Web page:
I sat in the Seattle airport terminal waiting to board a flight to Milan. I silently cursed the slow internet connection as I tried to download a large file onto my laptop. That morning, I had received a call from my brother. Something had happened with Dad, and he was now in a hospital in Milan. Three hours later, I was sitting in the airport furiously downloading data that I thought would give me some insight in to my dad’s condition, data that might ultimately help him.

Growing up, my dad seemed to know everything. Even as an adult, I would seek his advice on everything from retirement investments to tiling a bathroom. But when he was diagnosed with chronic lymphocytic leukemia (CLL) in 2013, he didn’t have all the answers. Fortunately, he didn’t need them right away. His oncologist reassured us that his cancer was growing so slowly that he might never need treatment, but my dad still wanted to know his options. He was told to try not to worry about what treatment he might need in the future until the time came when we would need to think about it. The treatment landscape was evolving rapidly, his oncologist explained, and while there were several established standards of care, there were also many exciting new treatments in the pipeline.

His oncologist was right. In the three years following his diagnosis, five new drugs were approved for CLL, many of which suggested remarkable outcomes in clinical trials.

As I sat in the airport terminal, I pictured my dad in a foreign hospital. Was he in pain? Could he communicate with the Italian doctors? I was desperate to tell him how much I loved him, but I didn’t have any way of contacting him. So I channeled my energy and optimism for the future into belatedly answering his questions about treatment options. As a data scientist who studies health outcomes in oncology, it seemed like the least I could do.

I started by reviewing published research studies. But even the most recently published articles had not kept pace with the onslaught of new treatment options. Publishing research often takes time; I was unfazed about running my own analyses if I had to. So there I was in the airport furiously trying to download a large cancer registry with the goal of figuring out how well patients who had been treated with different CLL therapies had fared.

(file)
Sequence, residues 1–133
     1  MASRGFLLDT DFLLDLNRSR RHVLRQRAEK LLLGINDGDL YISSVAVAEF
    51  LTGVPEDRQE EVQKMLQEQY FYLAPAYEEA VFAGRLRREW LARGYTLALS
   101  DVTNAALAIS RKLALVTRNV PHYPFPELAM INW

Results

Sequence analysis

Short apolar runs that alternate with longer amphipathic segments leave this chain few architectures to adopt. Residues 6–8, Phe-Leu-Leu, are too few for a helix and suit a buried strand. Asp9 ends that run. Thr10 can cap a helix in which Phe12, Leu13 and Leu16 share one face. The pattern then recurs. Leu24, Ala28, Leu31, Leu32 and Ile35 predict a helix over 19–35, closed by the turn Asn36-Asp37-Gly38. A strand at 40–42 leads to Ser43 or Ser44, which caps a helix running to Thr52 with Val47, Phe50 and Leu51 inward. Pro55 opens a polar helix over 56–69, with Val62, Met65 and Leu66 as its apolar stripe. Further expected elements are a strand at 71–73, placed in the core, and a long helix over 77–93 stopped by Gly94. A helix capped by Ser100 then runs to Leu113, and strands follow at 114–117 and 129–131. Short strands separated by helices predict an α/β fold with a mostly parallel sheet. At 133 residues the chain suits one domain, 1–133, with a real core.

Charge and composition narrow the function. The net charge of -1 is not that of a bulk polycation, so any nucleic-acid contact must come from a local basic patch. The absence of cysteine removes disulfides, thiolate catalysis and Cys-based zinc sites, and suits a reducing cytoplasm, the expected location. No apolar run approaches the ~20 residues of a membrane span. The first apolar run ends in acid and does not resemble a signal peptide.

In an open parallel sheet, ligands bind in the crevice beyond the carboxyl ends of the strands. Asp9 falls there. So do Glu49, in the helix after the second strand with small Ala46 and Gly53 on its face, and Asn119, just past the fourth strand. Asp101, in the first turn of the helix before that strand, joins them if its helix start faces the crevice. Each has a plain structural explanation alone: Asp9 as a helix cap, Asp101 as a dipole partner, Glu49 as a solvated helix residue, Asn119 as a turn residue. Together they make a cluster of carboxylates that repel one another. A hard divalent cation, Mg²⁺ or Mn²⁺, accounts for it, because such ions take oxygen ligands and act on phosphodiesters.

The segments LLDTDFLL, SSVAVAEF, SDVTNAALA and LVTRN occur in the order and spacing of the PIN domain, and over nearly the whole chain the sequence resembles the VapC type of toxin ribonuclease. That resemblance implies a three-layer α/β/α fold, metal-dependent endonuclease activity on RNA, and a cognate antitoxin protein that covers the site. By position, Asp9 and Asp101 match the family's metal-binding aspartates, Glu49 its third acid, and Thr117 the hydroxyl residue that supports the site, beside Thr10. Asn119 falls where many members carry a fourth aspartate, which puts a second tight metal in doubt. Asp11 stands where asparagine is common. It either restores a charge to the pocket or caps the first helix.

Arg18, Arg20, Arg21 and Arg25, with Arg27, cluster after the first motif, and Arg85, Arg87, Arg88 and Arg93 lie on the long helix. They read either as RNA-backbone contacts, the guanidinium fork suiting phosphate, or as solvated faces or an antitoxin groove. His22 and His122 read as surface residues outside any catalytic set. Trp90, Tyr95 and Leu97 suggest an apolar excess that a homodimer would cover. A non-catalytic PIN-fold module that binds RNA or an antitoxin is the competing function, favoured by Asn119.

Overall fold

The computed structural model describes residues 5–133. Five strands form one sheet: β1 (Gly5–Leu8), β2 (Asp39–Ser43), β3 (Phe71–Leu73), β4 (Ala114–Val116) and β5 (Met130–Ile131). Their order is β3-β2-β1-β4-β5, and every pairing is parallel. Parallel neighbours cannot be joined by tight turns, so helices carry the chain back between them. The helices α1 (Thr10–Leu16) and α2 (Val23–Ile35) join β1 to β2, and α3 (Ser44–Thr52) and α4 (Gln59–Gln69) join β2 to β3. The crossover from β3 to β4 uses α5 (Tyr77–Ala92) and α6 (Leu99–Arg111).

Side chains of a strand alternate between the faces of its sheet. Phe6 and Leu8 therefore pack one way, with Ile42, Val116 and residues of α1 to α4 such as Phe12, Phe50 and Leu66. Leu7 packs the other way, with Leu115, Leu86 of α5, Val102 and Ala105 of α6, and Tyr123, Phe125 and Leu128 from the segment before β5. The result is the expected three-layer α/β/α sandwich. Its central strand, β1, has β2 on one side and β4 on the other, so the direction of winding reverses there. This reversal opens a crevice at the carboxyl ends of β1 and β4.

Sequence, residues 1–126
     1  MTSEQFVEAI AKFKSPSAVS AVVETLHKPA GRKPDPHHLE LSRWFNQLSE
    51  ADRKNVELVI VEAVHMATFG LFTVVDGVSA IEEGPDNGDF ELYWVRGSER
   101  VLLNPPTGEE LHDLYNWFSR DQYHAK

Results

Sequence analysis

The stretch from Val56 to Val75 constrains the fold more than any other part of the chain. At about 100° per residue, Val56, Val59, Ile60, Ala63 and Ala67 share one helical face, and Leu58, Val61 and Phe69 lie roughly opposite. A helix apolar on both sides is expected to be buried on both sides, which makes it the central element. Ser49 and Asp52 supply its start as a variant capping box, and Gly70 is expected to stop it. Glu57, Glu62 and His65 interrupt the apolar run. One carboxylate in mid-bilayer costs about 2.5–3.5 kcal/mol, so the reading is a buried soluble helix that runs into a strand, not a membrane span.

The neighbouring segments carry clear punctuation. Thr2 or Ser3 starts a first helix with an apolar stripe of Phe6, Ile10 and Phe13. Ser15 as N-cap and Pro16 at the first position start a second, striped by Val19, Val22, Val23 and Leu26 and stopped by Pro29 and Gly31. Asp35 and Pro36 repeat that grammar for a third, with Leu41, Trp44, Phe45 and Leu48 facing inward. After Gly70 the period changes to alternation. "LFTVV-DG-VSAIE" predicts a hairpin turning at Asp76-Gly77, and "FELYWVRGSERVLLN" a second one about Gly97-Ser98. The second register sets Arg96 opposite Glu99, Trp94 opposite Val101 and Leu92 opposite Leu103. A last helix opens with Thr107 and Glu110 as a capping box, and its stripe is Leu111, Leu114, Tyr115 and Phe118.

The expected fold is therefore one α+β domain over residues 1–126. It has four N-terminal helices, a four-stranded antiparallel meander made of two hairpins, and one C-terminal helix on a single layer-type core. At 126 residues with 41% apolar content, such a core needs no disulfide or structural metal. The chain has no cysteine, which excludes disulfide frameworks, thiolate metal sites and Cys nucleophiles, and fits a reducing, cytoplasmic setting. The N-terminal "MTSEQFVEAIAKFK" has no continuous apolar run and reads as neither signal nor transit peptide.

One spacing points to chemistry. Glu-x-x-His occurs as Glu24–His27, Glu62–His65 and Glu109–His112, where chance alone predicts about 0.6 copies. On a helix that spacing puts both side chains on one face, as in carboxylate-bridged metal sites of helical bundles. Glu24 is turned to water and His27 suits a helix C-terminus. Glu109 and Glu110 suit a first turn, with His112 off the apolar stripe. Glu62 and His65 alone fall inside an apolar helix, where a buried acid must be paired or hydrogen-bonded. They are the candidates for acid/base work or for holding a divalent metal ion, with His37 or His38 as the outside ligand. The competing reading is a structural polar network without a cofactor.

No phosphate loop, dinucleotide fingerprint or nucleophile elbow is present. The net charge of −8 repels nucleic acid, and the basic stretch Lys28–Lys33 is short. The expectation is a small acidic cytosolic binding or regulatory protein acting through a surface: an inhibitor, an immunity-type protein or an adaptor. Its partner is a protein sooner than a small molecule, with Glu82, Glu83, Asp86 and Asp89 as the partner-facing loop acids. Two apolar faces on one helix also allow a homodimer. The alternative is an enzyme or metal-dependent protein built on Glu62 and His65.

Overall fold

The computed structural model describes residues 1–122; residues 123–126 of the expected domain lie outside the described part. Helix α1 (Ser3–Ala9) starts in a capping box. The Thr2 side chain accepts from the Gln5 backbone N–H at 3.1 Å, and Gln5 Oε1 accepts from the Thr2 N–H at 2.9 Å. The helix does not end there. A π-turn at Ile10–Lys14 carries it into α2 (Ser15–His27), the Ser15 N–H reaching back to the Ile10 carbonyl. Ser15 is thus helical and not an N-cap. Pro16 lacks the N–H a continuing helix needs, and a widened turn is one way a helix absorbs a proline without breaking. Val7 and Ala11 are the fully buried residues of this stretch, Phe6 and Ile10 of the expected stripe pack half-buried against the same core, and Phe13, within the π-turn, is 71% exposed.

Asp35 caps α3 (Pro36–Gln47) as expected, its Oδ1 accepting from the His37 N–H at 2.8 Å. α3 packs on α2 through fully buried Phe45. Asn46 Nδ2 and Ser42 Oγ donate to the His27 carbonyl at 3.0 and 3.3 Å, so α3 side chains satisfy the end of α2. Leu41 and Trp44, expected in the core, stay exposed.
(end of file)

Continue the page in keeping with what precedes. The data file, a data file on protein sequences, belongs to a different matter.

When I landed in Milan, I didn’t have many answers. It turned out the primary cancer registry used by researchers in the U.S. also lagged far behind the rapid pace of innovation in oncology; there were no records for patients diagnosed in the last three years, which effectively ruled out any meaningful analyses I could have run on treatments approved by the FDA in the past few years. But I also learned I didn’t have something far more important. My dad had passed away from an infection during my flight. He was 67 years old.

When we entered his hotel room, all of my dad’s belongings – his clothes, a few notebooks, a laptop – were laid out as if he had just stepped out for dinner, as he had done with his colleagues the night before. It felt like it all had to be some sort of elaborate and cruel joke; that he’d walk through the door at any minute. Now I had my own set of unanswered questions. How could he be gone so suddenly? Without getting a chance to even start one of those ‘exciting’ new treatments that his oncologist mentioned? Without me even getting a chance to tell him how much I loved him one last time?

Less than one month later, I signed on to join the Quantitative Sciences team at Flatiron Health. As an academic scientist, I had limited my research questions to those I could answer largely on my own and, like the public registry I had used to evaluate potential treatments for my dad, with data that was often out of date. But I wanted to tackle the types of questions my dad had and that millions of other cancer patients, family members and healthcare providers face every year when deciding which treatments to start and when. I wanted to study the outcomes of patients receiving cancer therapies that are being used in the real-world, today.

By chance, one of my very first projects at Flatiron required studying a recently approved drug for CLL. Returning home from a visit to Flatiron’s headquarters in New York City, I sat in the airport terminal running a query on our data. This time, it was almost effortless; I had a large sample of patients and the answers I needed before I touched ground back in Seattle. It was a powerful feeling. I was overcome with gratitude for the team of amazingly smart and dedicated abstractors, engineers, oncologists and data scientists that had made the analysis so easy.

I couldn’t help but think about each of the anonymized patient records I had so easily queried: each record represented an individual person, just like my dad. I was desperate to reach into my laptop and tell the people who made up each of the data points that I analyzed how much I cared and how determined I was to help. But of course I couldn’t. At least now, when I channel my energy and optimism for the future into writing code and analyzing data, I know that I’m generating evidence that moves the needle on cancer research. I’m too late to answer my dad’s questions, but I know that there are a lot of other people I can still help.

Senior Methodologist, Quantitative Sciences
Carrie Bennette is a senior methodologist at Flatiron Health. Before joining Flatiron, she spent a decade in academia studying strategies to accelerate cancer research and improve outcomes for cancer patients. Carrie holds a PhD in health economics and outcomes research…